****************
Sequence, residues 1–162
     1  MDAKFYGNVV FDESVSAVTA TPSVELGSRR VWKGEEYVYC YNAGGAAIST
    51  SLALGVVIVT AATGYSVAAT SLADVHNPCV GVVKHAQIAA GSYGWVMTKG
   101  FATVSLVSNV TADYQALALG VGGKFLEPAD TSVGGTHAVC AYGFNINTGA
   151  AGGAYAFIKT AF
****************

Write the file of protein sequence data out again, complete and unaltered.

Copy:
Sequence, residues 1–162
     1  MDAKFYGNVV FDESVSAVTA TPSVELGSRR VWKGEEYVYC YNAGGAAIST
    51  SLALGVVIVT AATGYSVAAT SLADVHNPCV GVVKHAQIAA GSYGWVMTKG
   101  FATVSLVSNV TADYQALALG VGGKFLEPAD TSVGGTHAVC AYGFNINTGA
   151  AGGAYAFIKT AF